Content warning: illness, death.
I listened to a clip of Will McMahon on The Imperfects podcast, describing how to speak to a friend who is going through something really difficult.
But when I look back on it because I think there’s two things that you shouldn’t do when someone’s in that sort of a position […] . If you’ve got a friend who’s going through something like this…
One’s apathy: so “too hard, don’t care, out of sight, out of mind” , and one’s despair - and both of them are destructive to the person who’s suffering.
And there’s a real, there’s a middle, there’s a middle point in there somewhere which is like softness and gentleness and kindness and calmness without falling, slipping either side, which is, “this is so upsetting for me” or “I need to block this out because this is too hard for me”.
Now, I’m not saying it’s gonna be accessible to you all the time and shit. Don’t judge yourself if you’ve fallen into either despair or apathy. God knows we’ve all done it. But for a friend, that sweet spot is a beautiful place to be.
This is something I’ve been struggling with for a long time. My best friend has been dealing with the roller coaster of cancer diagnosis, surgery, treatment, and being declared in remission, only to have it return and repeat for almost six years.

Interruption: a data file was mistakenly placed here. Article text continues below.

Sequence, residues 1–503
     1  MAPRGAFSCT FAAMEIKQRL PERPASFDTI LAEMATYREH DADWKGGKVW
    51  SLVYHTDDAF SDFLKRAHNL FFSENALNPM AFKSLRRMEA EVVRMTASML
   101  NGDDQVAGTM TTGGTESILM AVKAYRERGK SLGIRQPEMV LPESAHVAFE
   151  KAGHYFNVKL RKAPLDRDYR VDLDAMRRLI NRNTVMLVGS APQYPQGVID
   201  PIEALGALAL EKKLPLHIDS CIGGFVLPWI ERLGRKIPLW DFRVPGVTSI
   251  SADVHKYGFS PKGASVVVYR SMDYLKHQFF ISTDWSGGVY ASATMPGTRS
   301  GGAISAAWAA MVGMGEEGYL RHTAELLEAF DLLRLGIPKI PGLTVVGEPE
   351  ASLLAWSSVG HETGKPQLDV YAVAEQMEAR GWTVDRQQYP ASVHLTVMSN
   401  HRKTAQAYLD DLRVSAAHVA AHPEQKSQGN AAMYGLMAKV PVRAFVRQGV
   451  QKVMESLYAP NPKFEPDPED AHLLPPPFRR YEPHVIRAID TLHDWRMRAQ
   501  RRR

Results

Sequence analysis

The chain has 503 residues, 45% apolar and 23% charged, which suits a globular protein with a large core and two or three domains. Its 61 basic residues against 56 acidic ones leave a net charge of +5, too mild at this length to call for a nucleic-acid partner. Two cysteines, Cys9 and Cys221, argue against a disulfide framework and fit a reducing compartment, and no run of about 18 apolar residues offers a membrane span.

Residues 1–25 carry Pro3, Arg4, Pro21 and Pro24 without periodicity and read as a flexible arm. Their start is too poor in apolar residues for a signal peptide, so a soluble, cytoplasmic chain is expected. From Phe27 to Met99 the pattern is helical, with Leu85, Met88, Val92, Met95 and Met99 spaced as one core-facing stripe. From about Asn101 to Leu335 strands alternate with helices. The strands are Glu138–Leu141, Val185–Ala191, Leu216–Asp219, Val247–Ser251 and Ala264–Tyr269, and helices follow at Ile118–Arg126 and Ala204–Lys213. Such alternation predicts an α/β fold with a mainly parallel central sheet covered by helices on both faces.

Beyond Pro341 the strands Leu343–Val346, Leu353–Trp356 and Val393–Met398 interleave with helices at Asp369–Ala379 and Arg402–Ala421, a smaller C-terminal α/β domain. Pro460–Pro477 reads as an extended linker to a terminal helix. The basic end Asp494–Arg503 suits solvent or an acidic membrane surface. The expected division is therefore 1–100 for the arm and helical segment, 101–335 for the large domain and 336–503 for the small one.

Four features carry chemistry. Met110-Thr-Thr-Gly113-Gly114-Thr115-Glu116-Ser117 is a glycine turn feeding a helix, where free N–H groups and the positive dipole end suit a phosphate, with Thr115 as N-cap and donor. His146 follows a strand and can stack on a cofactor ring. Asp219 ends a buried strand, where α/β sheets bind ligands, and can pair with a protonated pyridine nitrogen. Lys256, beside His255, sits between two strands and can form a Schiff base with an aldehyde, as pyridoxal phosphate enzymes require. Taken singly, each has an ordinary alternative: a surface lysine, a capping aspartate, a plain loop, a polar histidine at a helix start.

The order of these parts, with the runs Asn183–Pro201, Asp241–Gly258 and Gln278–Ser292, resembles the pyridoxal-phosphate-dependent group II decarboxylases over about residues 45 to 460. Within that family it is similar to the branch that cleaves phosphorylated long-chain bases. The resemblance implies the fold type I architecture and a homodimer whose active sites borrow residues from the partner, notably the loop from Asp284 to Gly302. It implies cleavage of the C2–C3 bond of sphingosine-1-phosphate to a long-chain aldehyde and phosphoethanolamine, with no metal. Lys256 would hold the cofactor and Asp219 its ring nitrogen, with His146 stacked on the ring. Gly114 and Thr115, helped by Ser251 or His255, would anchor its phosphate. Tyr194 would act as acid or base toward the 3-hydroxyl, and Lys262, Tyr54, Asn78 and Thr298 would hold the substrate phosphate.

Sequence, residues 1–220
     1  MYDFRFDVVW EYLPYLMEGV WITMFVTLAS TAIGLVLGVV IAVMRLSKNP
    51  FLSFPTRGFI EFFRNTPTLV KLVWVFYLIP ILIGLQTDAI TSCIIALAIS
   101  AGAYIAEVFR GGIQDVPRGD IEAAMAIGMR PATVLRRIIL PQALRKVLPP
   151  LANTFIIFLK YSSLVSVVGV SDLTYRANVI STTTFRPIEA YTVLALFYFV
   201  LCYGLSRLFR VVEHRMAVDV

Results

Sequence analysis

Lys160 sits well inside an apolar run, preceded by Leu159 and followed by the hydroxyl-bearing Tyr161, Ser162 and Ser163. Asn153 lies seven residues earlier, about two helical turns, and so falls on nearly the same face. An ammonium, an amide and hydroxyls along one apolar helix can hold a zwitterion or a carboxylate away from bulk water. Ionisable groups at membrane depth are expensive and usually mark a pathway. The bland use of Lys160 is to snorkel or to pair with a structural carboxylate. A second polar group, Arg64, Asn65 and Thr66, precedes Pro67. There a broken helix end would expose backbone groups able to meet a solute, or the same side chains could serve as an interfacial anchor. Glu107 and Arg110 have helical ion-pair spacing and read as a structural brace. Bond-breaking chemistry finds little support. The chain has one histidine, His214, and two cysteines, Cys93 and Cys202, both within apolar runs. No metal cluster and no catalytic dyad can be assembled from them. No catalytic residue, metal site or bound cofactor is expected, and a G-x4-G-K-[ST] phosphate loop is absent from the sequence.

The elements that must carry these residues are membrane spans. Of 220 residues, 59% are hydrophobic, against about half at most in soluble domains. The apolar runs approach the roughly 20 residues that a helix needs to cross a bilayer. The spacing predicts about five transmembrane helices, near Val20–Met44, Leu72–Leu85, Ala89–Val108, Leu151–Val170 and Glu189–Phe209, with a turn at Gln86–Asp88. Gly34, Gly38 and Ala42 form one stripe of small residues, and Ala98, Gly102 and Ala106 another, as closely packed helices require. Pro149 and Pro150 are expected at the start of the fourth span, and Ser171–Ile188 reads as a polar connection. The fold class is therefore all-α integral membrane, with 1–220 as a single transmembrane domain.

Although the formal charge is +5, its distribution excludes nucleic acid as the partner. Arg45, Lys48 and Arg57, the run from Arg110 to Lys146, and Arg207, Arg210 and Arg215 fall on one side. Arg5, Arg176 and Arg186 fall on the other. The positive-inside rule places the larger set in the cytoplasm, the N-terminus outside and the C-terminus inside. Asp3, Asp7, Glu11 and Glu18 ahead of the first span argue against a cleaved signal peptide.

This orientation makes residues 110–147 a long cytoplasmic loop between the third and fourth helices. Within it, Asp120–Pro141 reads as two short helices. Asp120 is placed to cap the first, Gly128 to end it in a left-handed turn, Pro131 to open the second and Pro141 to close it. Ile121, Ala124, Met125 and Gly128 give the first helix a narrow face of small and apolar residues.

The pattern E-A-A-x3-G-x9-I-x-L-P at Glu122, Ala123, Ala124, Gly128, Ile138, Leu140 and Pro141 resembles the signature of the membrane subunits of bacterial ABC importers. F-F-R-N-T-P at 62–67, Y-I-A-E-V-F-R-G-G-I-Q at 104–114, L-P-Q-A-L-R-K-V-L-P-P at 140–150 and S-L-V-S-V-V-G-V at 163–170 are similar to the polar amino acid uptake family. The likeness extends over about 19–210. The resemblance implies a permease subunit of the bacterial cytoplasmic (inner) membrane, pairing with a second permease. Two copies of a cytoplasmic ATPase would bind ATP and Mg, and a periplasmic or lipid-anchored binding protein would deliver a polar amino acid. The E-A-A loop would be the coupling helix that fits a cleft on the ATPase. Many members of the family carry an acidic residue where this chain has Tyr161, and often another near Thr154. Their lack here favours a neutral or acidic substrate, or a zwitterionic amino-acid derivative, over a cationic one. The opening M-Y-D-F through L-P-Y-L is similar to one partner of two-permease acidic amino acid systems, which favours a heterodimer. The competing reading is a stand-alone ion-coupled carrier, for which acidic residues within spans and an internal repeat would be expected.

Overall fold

When I went through the most challenging period of my life1, I saw how badly people handle serious illness and grief. The behaviour I disliked the most was when mum’s friends would make the terrible things happening to her all about them. They would sink so deep into the despair side of the coin I was forced to manage their feelings when I had my own stress to deal with. It made a hard time even harder.
As a result, when my friends are facing illness or grief, I am hyper-aware of saying the wrong thing, pulling focus, or making them worry about my feelings. However, I do wonder if this baggage, combined with my olympic-level ability to compartmentalise (thanks, childhood2), has me landing on the apathy side, or the appearance of apathy at least.
Anyway, I’ve been trying to walk this line for a while now with my best friend, but I’d never heard it articulated so well before hearing that Imperfects clip. I like to hope, for the most part, I land in the middle, bringing the softness and calmness described by Will, as well as fun and humour when it helps. I’m sure I’ve messed up multiple times, but I’m trying my best.